“Ninety Miles v. Ninety Seconds:” Life in the Age of Missiles

Below are some reflections written on the way back from Israel 10 days ago, just as the cease fire with Hamas went into effect.  For those who only see images Israel through the lens of CNN, I wanted to share some of the experience and, hopefully, help readers appreciate one element of the human side of the conflict. 

Leonard Saxe
Director of CMJS and SSRI

Ninety miles, the distance from Cuba to Florida, is emblazoned in my childhood memory of the nuclear brinkmanship of the 1962 Cuban missile crisis. A few days before Thanksgiving, I arrived in Israel to visit communities being pummeled by actual missiles from Gaza.  I came as an American Jew to show solidarity with Israeli brethren. I returned feeling an even stronger bond, but also fearing that we have become inured to violence.

At a briefing when I arrived, the memory came to the fore as the communities we would visit were described in the metric of time: How many seconds we would have from a “red alert” to reach safety in a shelter or by prostrating ourselves on the ground. Only 15 seconds is available in Sderot, 30 seconds for Ashkelon and 60 seconds for BeerSheva. Tel-Aviv and Jerusalem, where one had 90 seconds to find shelter, seemed very safe.

As I traveled the next day, vigilant for the sound of alerts and contrails in the winter clouds overhead, I didn’t experience fear. Whatever I felt dissipated as I met person after person, each of whom had an ordinary exterior, but seemed to possess extraordinary dignity and resilience. They were clearly struggling to make life as normal and safe as possible for themselves and their children, and perhaps their lack of fear was contagious.

All of my encounters — in a day of traveling through a zone of red alerts — were extraordinary, but one stands out. We visited an absorption center for new immigrants just outside of Sderot, a frequent target of Hamas rockets. The center is home to dozens of families who have immigrated to Israel from Ethiopia. Our welcome to the village was a red alert. We were in a protected building in less than 15 seconds.

We were joined in the safe space by Natan Sharansky, the refusnik jailed for nine years in the Soviet Union now head of the Jewish Agency for Israel.  Sharansky is a hero, but that day, the heroes were the Ethiopian immigrants who had come to live in the midst of a surreal 21st century conflict. One was a father of five who had come three weeks ago.  When asked if he was “afraid,” he said, “No … in Israel, my children are ‘happy’. They have a future.”

Indeed, outside was a group of happy-looking children playing soccer.  I imagined, although perhaps it was a hope, that they were tethered with an invisible line to their parents’ homes and shelters. As we left, it was poignant when the children said, in unison, “shalom” (peace), and in the distant sky, a small cloud marked the spot where an Israeli anti-missile had destroyed a rocket headed to the city of Ashkelon.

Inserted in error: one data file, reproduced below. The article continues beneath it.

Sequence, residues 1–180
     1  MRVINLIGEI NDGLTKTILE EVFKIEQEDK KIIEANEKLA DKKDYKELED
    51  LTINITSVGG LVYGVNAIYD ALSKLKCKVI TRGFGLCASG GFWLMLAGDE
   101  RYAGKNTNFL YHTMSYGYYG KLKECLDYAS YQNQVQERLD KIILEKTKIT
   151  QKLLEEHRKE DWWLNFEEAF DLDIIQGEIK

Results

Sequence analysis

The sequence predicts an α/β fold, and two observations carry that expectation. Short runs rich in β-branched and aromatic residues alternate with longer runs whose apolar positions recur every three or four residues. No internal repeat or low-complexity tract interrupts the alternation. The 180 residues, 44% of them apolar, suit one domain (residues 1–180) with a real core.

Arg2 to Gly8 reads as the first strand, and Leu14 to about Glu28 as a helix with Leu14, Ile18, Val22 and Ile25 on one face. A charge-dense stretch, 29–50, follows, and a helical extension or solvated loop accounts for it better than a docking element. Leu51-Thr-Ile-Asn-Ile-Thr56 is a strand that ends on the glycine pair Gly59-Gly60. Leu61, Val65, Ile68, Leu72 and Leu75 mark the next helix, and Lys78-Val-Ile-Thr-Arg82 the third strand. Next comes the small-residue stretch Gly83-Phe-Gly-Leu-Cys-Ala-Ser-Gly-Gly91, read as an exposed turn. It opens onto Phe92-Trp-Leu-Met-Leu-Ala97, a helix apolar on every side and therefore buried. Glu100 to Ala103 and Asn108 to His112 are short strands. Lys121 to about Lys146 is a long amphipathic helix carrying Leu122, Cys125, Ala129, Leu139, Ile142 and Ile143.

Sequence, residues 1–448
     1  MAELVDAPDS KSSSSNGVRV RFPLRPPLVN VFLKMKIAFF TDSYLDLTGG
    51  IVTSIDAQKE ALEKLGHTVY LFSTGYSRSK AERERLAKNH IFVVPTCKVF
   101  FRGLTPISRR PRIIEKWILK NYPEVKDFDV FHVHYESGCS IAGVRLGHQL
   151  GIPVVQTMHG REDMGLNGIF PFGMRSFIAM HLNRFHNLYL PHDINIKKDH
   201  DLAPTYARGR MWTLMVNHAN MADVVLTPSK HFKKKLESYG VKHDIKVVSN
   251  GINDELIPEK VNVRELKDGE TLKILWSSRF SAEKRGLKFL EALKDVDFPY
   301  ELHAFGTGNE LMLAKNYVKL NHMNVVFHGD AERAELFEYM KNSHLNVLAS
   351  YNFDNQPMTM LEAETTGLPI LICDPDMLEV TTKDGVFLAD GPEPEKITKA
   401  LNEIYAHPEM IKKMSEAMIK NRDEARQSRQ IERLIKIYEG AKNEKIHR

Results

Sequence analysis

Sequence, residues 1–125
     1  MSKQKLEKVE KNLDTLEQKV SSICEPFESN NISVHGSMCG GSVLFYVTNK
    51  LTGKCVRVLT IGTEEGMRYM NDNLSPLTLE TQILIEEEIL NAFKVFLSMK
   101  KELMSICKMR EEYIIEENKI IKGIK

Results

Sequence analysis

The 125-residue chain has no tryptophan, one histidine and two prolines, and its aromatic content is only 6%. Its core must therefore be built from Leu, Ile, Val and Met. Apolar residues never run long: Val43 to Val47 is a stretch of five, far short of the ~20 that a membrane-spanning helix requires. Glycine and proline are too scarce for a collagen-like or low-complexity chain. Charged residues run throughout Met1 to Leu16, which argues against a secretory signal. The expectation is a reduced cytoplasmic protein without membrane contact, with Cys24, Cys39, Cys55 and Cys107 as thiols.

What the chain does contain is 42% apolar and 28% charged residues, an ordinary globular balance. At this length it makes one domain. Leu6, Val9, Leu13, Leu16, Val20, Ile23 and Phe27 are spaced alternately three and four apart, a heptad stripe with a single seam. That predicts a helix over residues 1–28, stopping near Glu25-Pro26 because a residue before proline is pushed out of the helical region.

Later, I was at a village for the elderly nearby Kiryat Malachi, where days before a missile had killed three people. Although some are being pressured to leave, the residents made clear that this was their home, their community, and that they weren’t leaving. As one told me, “this is where my friends are, why would I want to be elsewhere?” Her concern was for her children and grandchildren.

The comments of another grandmother remain with me. As I ate home-baked cookies she had prepared, we talked about what she does when there is an alert. She said that her house did not have a shelter and that she was supposed to go to one a few doors away. But, she said, “I’m old and don’t walk very well. So, during an alert, I sit in my favorite chair and look at the garden.”

In the fog of war and a depressing moment for humanity, much of what I heard – from young and not-so-young individuals — was awe-inspiring.  There was a lack of rancor toward the enemy, an acceptance of whatever life throws one’s way, and gratitude for being part of a community.  Psychologists talk of resiliency and the role of social support in coping.  What I saw, however, demands a new vocabulary to describe the strength that people derive from their bonds with others.

I return to the U.S. with a heavy heart. Anxious to spend Thanksgiving with family, but also troubled by the state of a world in need of repair. The existential threat of a nuclear missile 90 miles from our shores that I have had since childhood has been replaced by my first-hand knowledge of danger that is seconds, not miles, away. I was inspired by those I met, but I am angry at a world in which innocents are targeted for violence and in which to save a life requires even more violence.

President Kennedy, who drew a “line in the sand” when the Soviet Union started to move missiles toward Cuba, once said, “Peace is a daily, a weekly, a monthly process, gradually changing opinions, slowly eroding old barriers, quietly building new structures. And however undramatic the pursuit of peace, the pursuit must go on.” A cease fire has been achieved between Hamas and Israel, but it’s only a small step. It should be reminder of the urgency of the task to create a more peaceful world.